Today was the last day of research before heading home. Teachers and scientists helped each group set goals for the rest of the projects. Students, teachers, and scientists are excited about their research and look forward to continuing the projects and presenting conclusions next month.
After four days here at CVI working on our project, the session is ending and we are all about to leave until April 24. Continue reading
On the second day of YSDE Josh was talking to us about what we were going to do through the day, and in this talk a Space Turtle came up. Now obviously that is a little far fetched, but lets be honest. It would be pretty spectacular! So just in a not so formal way to say thanks to Josh for the opportunity that was presented, here is a space turtle!
In the last day and a half of this YSDE session, the group wrapped things up, asked teachers to do a brainstorming activity within their classes to help increase our sample size. This first session has been a blast for our group, we have learned a tremendous amount of knowledge on social loafing. We can’t wait for the next session in a couple of weeks. Although there is a lot of work still to be done, we have been working very hard.
We continued our internet research today, and gathered more information on the cost and practicability of solar in West Virginia. After we completed our computer research, we migrated outside and worked with our solar panels again.
There was much more sun than we have had all week. We actually created enough power to “fry” one of the electronic buzzers we were using! We experimented with different methods of wiring our panels together, and how we would measure output of our panels when we start recording results. Eventually we decided on using voltmeters and buzzers (we will rate the strength of the noise the buzzer produces from one to five.)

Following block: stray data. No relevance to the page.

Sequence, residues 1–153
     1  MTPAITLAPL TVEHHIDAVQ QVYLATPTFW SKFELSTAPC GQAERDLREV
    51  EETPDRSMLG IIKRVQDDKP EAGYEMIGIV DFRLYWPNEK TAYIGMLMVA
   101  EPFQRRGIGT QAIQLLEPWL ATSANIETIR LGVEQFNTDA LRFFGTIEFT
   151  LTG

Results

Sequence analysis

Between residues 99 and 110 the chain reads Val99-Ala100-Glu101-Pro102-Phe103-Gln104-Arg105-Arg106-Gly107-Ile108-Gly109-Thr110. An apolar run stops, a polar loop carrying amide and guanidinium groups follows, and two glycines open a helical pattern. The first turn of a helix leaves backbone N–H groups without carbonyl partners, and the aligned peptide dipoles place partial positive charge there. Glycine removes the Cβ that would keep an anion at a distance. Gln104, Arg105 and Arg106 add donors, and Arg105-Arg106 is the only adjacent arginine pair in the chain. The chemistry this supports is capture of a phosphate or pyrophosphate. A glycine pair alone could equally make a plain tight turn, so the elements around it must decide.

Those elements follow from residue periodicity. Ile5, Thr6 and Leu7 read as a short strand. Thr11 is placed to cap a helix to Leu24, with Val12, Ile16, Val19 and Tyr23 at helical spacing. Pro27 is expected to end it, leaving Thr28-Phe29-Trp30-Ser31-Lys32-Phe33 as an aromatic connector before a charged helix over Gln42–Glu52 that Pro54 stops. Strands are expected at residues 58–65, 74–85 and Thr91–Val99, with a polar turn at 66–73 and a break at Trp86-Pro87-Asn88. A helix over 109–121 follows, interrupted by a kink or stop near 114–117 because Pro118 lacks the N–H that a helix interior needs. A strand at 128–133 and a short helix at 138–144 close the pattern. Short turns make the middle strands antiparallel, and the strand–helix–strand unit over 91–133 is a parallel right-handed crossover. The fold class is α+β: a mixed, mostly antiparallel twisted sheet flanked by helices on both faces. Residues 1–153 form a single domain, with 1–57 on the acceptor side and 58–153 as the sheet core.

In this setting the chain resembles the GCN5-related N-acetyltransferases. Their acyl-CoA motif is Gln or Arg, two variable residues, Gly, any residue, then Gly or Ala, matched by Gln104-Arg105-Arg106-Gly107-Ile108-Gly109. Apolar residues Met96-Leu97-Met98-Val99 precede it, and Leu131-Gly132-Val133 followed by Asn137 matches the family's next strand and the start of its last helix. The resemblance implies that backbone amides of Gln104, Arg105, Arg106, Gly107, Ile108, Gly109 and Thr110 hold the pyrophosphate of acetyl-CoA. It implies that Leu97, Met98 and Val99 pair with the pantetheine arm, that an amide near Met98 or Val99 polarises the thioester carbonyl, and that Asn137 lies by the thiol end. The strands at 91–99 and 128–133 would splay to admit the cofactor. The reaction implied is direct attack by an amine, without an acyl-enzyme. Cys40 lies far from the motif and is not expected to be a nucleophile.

Today, the weather is cloudy 87% coverage, humidity of 66%, and UV of 3. All three of these factors influence how much power in watts we will receive in the solar panels. We will test how the cloud affects the wattage produced by the panel. We will listen to the sound the buzzers create and determine from that how much power the solar panel has.
In the meantime while we are all away from each other, we will keep in contact and use volt meters to measure the power from the panels. We look forward to more research and can’t wait to come back!
Even though it was still cold outside, the sun decided to come out and give the research groups an opportunity to collect data and work on the projects outside. One of the groups was able to go sleigh riding which gave them opportunity to measure the distance they were able to go down the hill, along with many other calculations. Another group was able to make a practical fort for shelter. This is a scenario of how to live in the wild. The sunny weather made it a great day for fieldwork.
One might think that it sounds really complicated to program an arduino board to send someone an email alert….and they’d be right! After completing a successful alarm system yesterday, today our job was to program in the emailing feature!
On the 23 of March, we split up into teams according to area of expertise, the sling shot, debris hut, and ultimately fire making.
Yesterday was about exploring our arduino’s possibilties; today was about putting them to work! After collaborating with eachother to design our S.H.I.E.L.D. alarm circuit, we began to actually build it. Continue reading